January 24, 2018 | 12:32 pm

      Thanks for your insights, Nancy. Re. thread hijacking, I have 2 thoughts. One is that the hijacker is asking a question that deserves attention that it won’t get. That’s because in many cases, people who can help aren’t reading the thread because they’re not interested in the designated topic. Instead of starting a new discussion myself, I encourage the off-topic poster to start a new discussion to make sure their voice gets heard. I like that you do it for them — I just prefer to let the individual take the lead. The second is that in some situations, the hijacker takes the discussion in a whole ‘nother direction, with the result being that the original poster’s issue gets completely lost. That’s not fair to the person who started the discussion.


  7. Donna Freedman
    February 20, 2018 | 4:06 pm

    My favorite FB group gaffe is when someone was asked not to promote his work on that particular day but rather to wait for a “share your stuff” day.

    He argued with her, saying it was NOT promotion. (Hint: It was.)

    Later, dude.

    In one group I’m in, whenever people ask a question about promotion, agents, editing, the color of the sky or whatever, there’s this one guy who always always ALWAYS manages to work in the fact that he’s not a “selfie,” i.e., a self-published author but rather one with a REAL publishers (although he never says which publisher and seems to be posting under a pseudonym).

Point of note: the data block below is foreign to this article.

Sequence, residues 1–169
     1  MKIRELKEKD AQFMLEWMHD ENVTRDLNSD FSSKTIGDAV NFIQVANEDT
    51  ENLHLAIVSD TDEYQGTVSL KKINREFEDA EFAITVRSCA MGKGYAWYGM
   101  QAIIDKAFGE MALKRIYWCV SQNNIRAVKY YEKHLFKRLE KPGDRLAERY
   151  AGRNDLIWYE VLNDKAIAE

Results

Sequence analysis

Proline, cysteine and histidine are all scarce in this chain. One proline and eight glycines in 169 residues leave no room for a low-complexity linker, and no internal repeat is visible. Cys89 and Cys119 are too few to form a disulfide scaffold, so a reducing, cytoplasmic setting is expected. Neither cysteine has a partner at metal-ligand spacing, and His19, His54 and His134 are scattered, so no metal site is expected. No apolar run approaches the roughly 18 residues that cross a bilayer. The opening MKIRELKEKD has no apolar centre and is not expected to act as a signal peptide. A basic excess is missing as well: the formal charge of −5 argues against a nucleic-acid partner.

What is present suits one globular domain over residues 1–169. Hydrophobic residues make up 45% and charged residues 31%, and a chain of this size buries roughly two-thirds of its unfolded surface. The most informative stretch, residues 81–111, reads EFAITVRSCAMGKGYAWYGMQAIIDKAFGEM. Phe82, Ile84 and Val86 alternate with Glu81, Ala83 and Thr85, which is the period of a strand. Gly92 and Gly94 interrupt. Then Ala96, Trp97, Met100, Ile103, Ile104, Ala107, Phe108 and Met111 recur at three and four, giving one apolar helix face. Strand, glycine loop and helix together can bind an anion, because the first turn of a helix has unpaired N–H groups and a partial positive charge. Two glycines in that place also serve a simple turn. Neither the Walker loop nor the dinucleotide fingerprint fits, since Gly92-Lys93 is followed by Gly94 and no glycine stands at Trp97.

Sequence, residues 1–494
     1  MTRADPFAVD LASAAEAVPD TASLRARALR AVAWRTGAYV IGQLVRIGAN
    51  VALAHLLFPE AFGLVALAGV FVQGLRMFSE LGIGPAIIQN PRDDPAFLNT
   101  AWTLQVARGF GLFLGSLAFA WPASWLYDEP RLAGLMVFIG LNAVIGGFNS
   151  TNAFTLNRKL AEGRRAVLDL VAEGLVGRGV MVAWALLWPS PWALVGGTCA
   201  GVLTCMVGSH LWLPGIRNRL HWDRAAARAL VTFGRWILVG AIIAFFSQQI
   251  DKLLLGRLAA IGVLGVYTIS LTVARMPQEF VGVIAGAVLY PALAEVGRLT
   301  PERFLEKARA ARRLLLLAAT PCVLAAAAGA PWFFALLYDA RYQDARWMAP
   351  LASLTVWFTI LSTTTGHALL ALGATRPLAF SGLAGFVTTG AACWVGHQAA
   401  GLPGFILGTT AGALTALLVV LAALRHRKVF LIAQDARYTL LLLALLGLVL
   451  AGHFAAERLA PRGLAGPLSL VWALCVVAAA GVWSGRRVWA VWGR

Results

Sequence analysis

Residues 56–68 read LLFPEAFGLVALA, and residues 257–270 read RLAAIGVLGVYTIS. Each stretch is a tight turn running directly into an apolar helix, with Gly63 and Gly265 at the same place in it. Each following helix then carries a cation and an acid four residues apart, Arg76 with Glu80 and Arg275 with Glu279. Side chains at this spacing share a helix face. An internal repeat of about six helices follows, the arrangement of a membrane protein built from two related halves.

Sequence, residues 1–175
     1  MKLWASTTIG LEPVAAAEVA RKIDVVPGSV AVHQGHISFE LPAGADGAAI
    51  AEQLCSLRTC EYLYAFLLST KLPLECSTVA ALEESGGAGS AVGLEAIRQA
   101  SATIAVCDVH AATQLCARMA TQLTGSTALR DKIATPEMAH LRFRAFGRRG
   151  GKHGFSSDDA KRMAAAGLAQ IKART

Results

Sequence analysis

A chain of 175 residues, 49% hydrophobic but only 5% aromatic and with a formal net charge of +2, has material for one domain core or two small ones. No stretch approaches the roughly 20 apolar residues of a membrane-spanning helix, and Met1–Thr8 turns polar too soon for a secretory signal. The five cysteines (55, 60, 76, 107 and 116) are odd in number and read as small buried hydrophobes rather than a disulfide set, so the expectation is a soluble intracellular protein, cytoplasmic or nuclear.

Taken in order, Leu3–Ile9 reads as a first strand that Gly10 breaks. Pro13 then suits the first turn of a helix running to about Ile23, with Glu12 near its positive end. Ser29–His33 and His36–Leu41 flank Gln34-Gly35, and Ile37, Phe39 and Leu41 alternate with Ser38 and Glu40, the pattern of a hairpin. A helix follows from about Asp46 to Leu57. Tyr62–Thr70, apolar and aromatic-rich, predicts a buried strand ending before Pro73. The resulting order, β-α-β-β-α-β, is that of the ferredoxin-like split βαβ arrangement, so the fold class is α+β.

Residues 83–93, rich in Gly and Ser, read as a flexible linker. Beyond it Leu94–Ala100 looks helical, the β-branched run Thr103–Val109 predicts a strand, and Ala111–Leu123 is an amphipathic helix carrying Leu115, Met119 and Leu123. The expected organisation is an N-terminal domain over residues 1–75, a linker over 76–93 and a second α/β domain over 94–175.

Good for you. You’ve got a publisher. You’re also insufferable.

    Besides, one of the hardest-working writers I know, who has in fact been on The New York Times best-seller list, has opted to go the self-publishing route. It is no longer the sole province of people who have no other options.

    I enjoyed this article and have bookmarked your site.

    • Sandra Beckwith
      February 20, 2018 | 5:10 pm

      Donna, I love your perspective. Thank you! This is great feedback. Regarding self- vs traditional publishing, it’s not as black and white as some might think. This makes me think I should create some kind of matrix that helps people decide what might make the most sense for their situation. Thanks for the idea!

      And please come back and comment again!